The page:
We here the phrase a lot don’t we, the importance of feeling comfortable in our own skin. This can mean very different things to people though. It can mean feeling comfortable within yourself and how you look, it can mean being comfortable with your size and shape and so on – for some people though, this can literally relate to the comfort or discomfort that they get from their skin.
Skin conditions can be upsetting, debilitating, frustrating, embarrassing and generally pretty awful to deal with sometimes. Some skin conditions affect people for their entire lives, some discover treatments and some just naturally grow out of them.
For children dealing with skin conditions there can be overwhelming feelings of embarrassment (especially school age children), frustration (why is my skin like this?) and discomfort on a daily basis.
How can we support children dealing with skin conditions?
Do your research
As a parent of children who have suffered with skin conditions I can’t emphasise enough the importance of doing your research. Once you have established what the skin condition is, having spoken to a professional, it is your responsibility to continue to research the condition.
Read a mixture of academic papers, books and real-life experiences of others with the condition. Research the products you are using and their ingredients and so on. You will quickly become an expert in your own child’s skin, and you will be educating them along the way too.
Do seek professional advice when you need it, go with a list of questions, so you can hopefully get the answers you need. There is lots of information online of course, but sometimes you really do need someone to look at your child.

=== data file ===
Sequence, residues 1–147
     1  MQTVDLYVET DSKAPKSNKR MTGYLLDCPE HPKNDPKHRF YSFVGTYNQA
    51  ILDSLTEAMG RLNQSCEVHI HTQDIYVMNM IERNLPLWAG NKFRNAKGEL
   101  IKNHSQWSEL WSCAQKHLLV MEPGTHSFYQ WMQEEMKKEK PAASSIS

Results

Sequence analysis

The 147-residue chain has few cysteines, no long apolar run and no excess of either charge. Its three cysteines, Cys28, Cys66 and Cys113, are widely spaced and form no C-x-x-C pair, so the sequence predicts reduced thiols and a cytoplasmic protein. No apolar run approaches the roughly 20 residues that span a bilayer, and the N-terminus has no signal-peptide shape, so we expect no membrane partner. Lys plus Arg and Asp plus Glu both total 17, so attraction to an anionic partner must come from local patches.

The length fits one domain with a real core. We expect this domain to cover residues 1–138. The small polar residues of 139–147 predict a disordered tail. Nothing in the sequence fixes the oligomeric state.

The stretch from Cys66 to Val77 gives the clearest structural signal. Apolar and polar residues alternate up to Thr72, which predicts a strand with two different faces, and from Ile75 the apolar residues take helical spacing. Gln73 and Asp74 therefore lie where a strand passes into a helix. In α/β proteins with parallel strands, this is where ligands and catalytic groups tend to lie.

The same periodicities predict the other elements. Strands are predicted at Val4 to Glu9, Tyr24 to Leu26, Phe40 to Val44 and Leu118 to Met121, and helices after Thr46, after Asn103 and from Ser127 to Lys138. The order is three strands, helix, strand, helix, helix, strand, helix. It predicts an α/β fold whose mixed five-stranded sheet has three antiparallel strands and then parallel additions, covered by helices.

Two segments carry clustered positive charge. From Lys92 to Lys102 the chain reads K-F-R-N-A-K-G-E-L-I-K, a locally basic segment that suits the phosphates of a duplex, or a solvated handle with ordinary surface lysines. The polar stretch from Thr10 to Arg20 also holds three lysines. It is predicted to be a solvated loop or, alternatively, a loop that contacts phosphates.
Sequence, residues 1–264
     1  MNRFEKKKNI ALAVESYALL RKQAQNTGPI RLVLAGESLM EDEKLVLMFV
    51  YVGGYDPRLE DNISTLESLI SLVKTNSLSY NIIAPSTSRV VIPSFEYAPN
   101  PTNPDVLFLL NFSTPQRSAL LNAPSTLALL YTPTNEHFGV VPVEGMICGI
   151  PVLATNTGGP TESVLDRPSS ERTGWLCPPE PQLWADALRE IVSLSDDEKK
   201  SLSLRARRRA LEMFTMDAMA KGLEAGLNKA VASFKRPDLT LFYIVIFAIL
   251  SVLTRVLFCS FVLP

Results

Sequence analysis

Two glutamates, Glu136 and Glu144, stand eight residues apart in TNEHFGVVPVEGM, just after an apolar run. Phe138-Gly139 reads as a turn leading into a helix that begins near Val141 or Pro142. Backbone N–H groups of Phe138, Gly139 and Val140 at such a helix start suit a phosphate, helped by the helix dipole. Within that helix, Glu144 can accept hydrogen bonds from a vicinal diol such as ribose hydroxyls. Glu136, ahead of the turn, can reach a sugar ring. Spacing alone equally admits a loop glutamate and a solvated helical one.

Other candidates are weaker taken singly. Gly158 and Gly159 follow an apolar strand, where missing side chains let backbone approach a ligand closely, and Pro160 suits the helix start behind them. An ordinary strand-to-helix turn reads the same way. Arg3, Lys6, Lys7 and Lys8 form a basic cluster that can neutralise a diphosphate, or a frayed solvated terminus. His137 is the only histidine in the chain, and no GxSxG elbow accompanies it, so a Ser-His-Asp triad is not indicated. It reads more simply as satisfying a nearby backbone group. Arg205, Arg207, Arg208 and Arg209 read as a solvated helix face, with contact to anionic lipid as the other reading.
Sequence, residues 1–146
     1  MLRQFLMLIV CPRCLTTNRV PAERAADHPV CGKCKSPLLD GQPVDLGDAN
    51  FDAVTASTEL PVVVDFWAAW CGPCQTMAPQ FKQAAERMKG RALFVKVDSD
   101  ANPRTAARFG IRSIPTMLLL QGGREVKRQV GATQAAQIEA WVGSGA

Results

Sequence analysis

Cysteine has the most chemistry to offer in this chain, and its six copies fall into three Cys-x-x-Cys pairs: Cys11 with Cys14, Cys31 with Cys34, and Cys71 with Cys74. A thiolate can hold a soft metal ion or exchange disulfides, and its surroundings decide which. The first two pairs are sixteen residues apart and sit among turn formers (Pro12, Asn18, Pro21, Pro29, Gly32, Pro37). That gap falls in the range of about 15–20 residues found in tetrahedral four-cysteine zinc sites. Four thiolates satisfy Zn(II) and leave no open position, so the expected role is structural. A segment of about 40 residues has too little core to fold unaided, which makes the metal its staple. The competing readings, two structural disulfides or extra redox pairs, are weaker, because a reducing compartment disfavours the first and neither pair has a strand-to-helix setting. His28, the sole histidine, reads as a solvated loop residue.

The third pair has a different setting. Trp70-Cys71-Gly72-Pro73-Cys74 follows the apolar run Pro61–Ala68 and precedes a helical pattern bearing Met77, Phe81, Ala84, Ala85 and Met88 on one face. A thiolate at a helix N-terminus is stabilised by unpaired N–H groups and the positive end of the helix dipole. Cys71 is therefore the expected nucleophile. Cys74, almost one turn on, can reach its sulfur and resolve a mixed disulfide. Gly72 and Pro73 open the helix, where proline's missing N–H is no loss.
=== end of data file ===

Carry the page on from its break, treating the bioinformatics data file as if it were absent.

When skin conditions flair up, they can often look quite different to normal. For example, our experience of eczema is that during a flair up skin becomes very spotty and rash like and can often resemble a number of childhood illnesses.
TIP: Take photos when it is at it’s worse so you remember next time!
In line with the research you do you can begin to cautiously experiment with products to help control and improve the skin condition. Getting children involved in this boosts self esteem and gives them more control over their condition.
Talk about what you are trying and why. A few years ago, after a conversation with a very experienced pharmacist I introduced probiotics into the children’s diets. The pharmacist suggested trying these for 3 months and monitoring the skin. It made a huge difference, so we continued with this.
With skin conditions, what works for one person doesn’t always work for another, so being prepared to try different things is really important.
Talk about their concerns
Talking to children about how they feel about their skin can help them to feel more positive. Getting them to engage in taking responsibility for applying cream, drinking more water and so on can help them feel more in control of their condition.
Let them share how they feel about the products you are using and what they feel works and what doesn’t.
Skin conditions are not cured overnight. It’s likely they will flare up and then stabilise multiple times over. This is normal. Try to chart what you think the triggers are. For example, I know that with my teenager, emotional upset and stress causes eczema to flare up, with one of my younger children, changes in temperature and hydration have a huge impact.
Perseverance is key. With some skin conditions they can look worse before they look better, but you need to give everything time. It’s no good using a product for two days and claiming it doesn’t work.
Encourage them to discuss their condition with others
Talking about their skin condition can help children feel much more positive about it. If someone asks my children “what is wrong” with their skin, they explain that they suffer with eczema. Since they’ve adopted this approach they have discovered lots of their friends either suffer themselves, or have a family member who does.
Being open and honest keeps the dialogue open and reduces any stigma.
This post has been written as an entry for the Epaderm blogger 2021 competition